Taking Advantage of Workers’ Comp Credit Programs to Reduce Premiums
The number of states with programs that allow workers’ compensation insureds to reduce their premiums by engaging in programs and classes is growing, though many employers still miss this opportunity, More than half of all states, and the District of Columbia, allow employers to apply for credits for participation in loss avoidance and cost savings programs which generally cover drug-free workplaces, managed care programs, construction classifications and safety committee programs. Check out http://praxiom-rm.com/2012/05/workers-compensation-premium-discounts-credits/ for more information on specifics by state. In some circumstances these credits can be applied onto other premium credits offered by the insurer. Many states have programs that are not discretionary; so long as you can show you have met the requirements, you can obtain the credit.
It’s best to look into your specific state’s guidelines for credit requirements. In general terms, insureds need to create policies detailing their programs, complete related paperwork for the state and conduct employee training for each program.
Specifics for the Drug and Alcohol Free programs also include: establishing a drug testing policy with key timelines. Those timelines include testing at the pre-employment, post-accident and on reasonable suspicion, in addition to random or routine testing and follow up. Drug and Alcohol Free programs also require than an employer create or provide access to an Employee Assistance Program, a confidential hotline where employees can obtain counseling on a variety of matters. While most of the states that allow a credit for drug and alcohol free programs permit a 5% discount, some, like New York, vary into the 10% range.
Specifics for the Managed Care program are a little trickier. Fewer states allow a managed care credit. Those that do provide a credit for programs that manage workers’ compensation injury claims through a claims process that can reduce costs in the long run through proper claim adjustment and negotiated fees with medical providers.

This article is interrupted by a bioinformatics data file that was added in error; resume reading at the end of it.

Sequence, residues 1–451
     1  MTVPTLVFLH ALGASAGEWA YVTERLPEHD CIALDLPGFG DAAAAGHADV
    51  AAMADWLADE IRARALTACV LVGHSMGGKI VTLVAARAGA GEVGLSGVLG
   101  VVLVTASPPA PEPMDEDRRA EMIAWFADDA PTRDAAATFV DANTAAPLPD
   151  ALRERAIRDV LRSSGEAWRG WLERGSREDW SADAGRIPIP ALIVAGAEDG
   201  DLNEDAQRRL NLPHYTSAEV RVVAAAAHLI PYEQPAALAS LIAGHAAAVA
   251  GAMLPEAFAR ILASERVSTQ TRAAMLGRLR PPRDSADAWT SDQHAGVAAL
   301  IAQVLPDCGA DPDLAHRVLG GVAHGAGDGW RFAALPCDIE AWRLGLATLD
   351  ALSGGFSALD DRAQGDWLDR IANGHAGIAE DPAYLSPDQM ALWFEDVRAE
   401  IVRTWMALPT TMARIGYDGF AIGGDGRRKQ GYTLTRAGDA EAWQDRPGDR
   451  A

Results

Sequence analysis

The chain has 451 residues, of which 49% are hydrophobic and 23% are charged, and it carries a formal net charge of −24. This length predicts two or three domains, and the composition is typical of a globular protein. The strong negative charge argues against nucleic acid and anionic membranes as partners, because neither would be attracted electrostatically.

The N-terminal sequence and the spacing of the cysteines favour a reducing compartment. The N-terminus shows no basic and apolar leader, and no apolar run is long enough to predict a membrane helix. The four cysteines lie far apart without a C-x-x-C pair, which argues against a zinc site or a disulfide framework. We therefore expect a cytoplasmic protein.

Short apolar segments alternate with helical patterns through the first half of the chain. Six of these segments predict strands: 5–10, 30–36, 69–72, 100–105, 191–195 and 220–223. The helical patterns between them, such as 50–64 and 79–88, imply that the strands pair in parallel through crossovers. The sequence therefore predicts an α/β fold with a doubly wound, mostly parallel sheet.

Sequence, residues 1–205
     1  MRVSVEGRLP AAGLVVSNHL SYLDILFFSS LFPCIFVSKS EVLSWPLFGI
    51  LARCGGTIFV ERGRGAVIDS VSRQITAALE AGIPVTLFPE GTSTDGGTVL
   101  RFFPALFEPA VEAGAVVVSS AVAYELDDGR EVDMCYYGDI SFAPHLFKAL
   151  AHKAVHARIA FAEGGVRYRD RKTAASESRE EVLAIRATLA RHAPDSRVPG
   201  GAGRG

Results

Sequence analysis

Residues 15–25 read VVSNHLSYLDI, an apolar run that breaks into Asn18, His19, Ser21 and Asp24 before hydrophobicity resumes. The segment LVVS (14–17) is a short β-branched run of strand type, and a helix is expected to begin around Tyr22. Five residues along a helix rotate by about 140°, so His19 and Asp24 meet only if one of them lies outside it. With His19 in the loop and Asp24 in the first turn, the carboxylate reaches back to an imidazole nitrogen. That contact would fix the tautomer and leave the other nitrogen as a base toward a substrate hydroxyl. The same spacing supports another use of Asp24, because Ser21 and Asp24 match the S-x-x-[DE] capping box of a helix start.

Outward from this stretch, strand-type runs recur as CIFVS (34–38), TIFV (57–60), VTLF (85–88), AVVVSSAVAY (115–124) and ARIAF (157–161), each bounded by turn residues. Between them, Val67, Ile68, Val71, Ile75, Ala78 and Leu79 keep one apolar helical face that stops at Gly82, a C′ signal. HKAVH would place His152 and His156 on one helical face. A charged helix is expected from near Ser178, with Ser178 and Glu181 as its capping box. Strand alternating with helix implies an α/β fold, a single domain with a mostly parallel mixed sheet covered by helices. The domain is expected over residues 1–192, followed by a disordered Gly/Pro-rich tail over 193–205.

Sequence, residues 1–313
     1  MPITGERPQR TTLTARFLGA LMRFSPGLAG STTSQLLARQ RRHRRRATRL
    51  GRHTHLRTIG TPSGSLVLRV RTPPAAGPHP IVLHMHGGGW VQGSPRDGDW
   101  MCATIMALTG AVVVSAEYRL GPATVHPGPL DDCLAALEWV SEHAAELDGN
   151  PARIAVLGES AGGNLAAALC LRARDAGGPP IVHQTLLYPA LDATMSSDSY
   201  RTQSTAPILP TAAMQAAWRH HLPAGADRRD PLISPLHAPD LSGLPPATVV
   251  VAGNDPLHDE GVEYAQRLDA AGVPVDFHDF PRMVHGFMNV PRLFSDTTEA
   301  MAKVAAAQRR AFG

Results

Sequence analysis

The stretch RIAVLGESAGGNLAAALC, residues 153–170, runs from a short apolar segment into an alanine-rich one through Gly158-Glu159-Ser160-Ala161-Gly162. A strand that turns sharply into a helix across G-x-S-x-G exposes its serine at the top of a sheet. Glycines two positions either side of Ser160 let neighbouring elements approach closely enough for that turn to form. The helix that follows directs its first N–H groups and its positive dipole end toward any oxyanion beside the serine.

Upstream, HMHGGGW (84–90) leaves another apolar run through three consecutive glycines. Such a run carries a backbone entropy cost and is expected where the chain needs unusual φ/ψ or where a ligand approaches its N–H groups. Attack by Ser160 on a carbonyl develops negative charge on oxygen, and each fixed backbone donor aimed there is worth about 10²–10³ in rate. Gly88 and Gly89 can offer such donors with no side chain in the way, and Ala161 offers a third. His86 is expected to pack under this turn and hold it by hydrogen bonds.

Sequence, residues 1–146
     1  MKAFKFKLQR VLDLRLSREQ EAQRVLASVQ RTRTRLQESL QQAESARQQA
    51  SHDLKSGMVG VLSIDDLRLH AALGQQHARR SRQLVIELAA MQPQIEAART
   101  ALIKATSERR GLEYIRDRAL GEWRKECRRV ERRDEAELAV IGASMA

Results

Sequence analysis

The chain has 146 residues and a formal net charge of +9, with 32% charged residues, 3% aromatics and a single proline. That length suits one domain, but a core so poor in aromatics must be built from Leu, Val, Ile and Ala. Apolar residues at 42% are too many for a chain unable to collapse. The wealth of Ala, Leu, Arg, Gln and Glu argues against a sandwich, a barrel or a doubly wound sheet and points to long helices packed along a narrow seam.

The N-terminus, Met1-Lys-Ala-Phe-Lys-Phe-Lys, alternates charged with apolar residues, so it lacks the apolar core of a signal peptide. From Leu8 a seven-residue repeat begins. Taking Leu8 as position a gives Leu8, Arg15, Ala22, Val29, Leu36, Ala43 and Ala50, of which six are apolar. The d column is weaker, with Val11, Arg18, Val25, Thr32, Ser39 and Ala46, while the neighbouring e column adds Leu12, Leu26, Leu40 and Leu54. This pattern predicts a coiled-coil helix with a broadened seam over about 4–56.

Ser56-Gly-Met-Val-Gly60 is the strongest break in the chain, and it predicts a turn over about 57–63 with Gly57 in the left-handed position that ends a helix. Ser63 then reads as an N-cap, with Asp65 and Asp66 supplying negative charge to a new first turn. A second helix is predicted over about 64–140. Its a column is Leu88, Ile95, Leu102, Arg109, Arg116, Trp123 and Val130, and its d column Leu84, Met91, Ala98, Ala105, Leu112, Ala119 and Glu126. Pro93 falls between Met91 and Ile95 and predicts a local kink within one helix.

Unlike credit programs based on reducing costs of care or administration, the construction classification credit programs are focused on payroll. Because premiums are based on payroll, construction companies with higher paid employees may have premiums that are higher than their contemporaries. Almost half the states have a program to avoid penalizing employees for higher paid employees.
Each state differs on the application of this credit though, so make sure to check requirements for the percentage of employees on payroll with a construction-related class code. Other elements to check include the minimum and maximum hourly rates and credits. Credits are based on how much an employer, on average, pays employees above a certain rate.
Finally, safety committee credits are available in a smaller number of states and some only apply to insureds in an assigned risk program (see earlier posted blog here about assigned risk pools and programs). Other states have a requirement, but no incentive of premium credits, to create a safety committee. These committees are required to perform post-accident analysis and investigation. To qualify, an insured has to hold regular meetings of the safety committee, and make sure to retain copies of the agenda and attendance records, in addition to the other elements noted.
Health care companies in some states can receive an additional credit in relation to safety committees. For those health care companies that maintain patient safety programs, additional premium credits may be available. States including New York, allow the hospitals, residential facilities, ambulatory care centers, and certain mental health facilities to use the credit. To qualify, a health care company must include a safe patient handling policy, risk assessments, employee training, including incident review and root cause analysis, physical plant considerations and annual performance evaluations, among other items.
More information on specific states and premium credits can be found here: “The Insurance Professional’s Practical Guide to Workers’ Compensation: From History through Audit.”